So that is why we turned and retraced our steps toward the north.
In truth, however, we steered a little to the west to avoid encountering any to’wak’zei| guards who might be improperly patrolling on the Shum’za side of the river. I fixed my sight on a cold cone – a mountain that resembles a volcano in appearance but never spews – that lay southeast of the Da’no’no Shshi fortress called Yak’ar. We would cross the Ti’re’bu near Yak’ar and take provisions there, then continue on the north bank. Shum’za had never built on the south bank in this region because it was so near to Da’no’no territory.
“But I think it would be prudent if I avoid taking my mandibles into that fortress,” said Ki’shto’ba. “It is largely because of me that To’wak defeated Yak’ar several years ago.”
“A’zhu’lo and I can go in,” I said. “Perhaps if I give them a tale or two, they will let us have enough fungus to last until we reach … Ki’shto’ba, what place are we intending to reach?”
At that moment our sensilla vibrated, and I looked to see storm clouds tumbling in the western sky. It was not yet the beginning of gwai’nol|, but it appeared the rains might arrive a little early in this season-cycle
“I had not really thought!” exclaimed Twa’sei in a panic. “What will we do when it floods? We will all be drowned!”
“No, no, my little friend,” said Ki’shto’ba. “The next fortress beyond Yak’ar is Lo’shkei’akh. They have worthy rulers and citizens and no grudge against To’wak. I am sure we can shelter there throughout the Wet Time and then travel to the mountains during the Time of Flowers. The journey will be very pleasant then.”
So we proceeded at a quickened pace, keeping the cold cone at our left, and encountered no obstacles other than a procession of wild Little Ones moving from an old dwelling to a new. Whole crowds of their Workers were carrying the Mother’s eggs and the nymphs and the Mothers themselves (for they have several of them), right out in the open. Why they do that is a mystery. But their Warriors, which are half as long as a Shum’za Worker and can spray acid like the Nasutes (but from their posteriors), make a formidable array when they are aroused, so we stopped and courteously allowed them to pass. It took awhile.
Finally we approached the Ti’re’bu again. I could make out the edifices of Yak’ar on a hill some little distance away. We found a shallow place and forded. I did not feel nearly so daunted on this third effort; experience is a most valuable asset.
Yak’ar is set amid a jumble of black rocks, the ancient congealed spewings of the cold cone, I suppose. The area is thickly grown with a prickle bush called gut’zhuf| because the leaves tremble in the slightest wind. As we were beating a path through this tangle, we sensed a ruckus ahead of us – vibrations in the ground as of many feet trampling – and the odor of Little Ones and of Da’no’no Shshi Warriors. Ki’shto’ba and A’zhu’lo began to posture. Wei’tu and Twa’sei hopped about in agitation while I reared up, trying to see.
Suddenly a dozen shza’zei| burst out of a thicket, followed by a stout-looking Um’za Worker whose smell had gotten lost in the mix. The Um’za was darting back and forth, seemingly herding the Little Ones, which were of the Da’no’no Shshi variety that, from being consistently pastured out-of-doors, are darker in color and more adapted to the sun than those the Shum’za cultivate.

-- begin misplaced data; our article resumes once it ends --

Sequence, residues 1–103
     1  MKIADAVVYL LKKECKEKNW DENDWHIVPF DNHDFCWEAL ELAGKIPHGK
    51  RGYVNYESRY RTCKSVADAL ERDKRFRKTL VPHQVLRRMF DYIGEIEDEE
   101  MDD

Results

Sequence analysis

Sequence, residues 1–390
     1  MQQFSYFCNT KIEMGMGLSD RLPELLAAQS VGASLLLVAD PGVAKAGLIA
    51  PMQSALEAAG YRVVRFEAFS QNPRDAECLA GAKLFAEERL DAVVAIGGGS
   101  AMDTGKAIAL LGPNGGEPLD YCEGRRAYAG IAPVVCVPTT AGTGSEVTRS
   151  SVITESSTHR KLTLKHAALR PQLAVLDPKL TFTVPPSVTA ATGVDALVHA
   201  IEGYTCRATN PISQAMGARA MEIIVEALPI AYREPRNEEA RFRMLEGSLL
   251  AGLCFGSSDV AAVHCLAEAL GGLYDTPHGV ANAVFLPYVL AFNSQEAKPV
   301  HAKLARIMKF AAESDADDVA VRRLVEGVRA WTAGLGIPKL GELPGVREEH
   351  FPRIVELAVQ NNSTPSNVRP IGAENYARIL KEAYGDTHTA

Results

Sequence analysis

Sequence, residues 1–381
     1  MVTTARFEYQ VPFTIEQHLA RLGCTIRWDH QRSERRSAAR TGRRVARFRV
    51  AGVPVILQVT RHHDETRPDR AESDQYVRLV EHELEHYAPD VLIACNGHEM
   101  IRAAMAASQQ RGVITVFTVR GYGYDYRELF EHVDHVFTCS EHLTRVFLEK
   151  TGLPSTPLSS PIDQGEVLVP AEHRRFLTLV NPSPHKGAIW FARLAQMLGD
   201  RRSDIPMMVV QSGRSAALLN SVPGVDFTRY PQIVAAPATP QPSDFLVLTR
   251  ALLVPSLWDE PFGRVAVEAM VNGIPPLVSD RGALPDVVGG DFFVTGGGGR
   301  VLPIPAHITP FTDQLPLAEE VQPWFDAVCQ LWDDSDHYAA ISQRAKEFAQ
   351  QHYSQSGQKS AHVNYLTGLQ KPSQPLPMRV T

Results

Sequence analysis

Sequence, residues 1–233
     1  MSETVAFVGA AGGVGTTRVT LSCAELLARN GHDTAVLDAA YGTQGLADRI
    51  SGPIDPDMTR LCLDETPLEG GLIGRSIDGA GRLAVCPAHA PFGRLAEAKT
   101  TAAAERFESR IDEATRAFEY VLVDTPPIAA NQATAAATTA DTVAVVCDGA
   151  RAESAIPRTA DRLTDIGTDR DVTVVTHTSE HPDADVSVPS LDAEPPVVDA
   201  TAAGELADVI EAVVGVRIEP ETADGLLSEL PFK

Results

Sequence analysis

The Little Ones rushed among us in great confusion and the Worker, who was emitting panic pheromones aplenty, suddenly realized that it was face-to-face with two big Da’no’no Shshi Warriors. It backed away, springing up and down and waving its antennae madly.
“Who is here?” it exclaimed. “Oh, I am pursued from behind and now I find danger in my path! An Alate! I smell an Alate! Oh, holy Star-Winged One, save me! I was attacked by Warriors from Yak’ar who want to steal my flock! I am no threat! Can any of you find enough mercy in your gut to help me?”
We all reacted according to our natures. Ki’shto’ba and A’zhu’lo exclaimed words like, “Attacked? You are a Herder? The yak’ar’zei| are trying to steal your flock! Shameful!” Twa’sei was sputtering with indignation. Wei’tu said, “What kind of silliness is this?” As for myself, I was flummoxed. It struck me as surpassingly odd for one Um’za Worker to be herding a flock of Da’no’no Little Ones in Da’no’no Shshi territory a very long distance from any Shum’za fortress.
But there was no time for consideration, because six big Warriors erupted from the bushes, hurtling right at us. I scuttled backward, fanning my wings to spread scent. The newly arrived Worker scampered right at me and jammed itself underneath me for refuge, vehemently emitting, “An Alate! An Alate! You dare not attack an Alate! Your guts would be torn out and thrown in the river for that kind of sacrilege!”
The Warriors had not been paying attention to new smells in their single-minded pursuit of their quarry and were quite taken by surprise. But what brought them to a halt was not the Alate but the sense of the bulk of the Huge-Head and its ni’a’zei|.
“Perhaps if you are old enough, you may be familiar with the smell of Ki’shto’ba Huge-Head,” said our Champion. “You should think twice before attacking a single defenseless Worker, my friends, and stealing its flock.”
“Its flock! Those are Yak’ar’s Little Ones! This pricking little louse is nothing but a thief!” exclaimed the phalanx leader.
“No, never!” cried the Worker in horror. “These are my Little Ones! They are all we have to sustain us! We are all alone, thrown out of Kwai’kwai’za because there were too many Workers! We will starve without … ”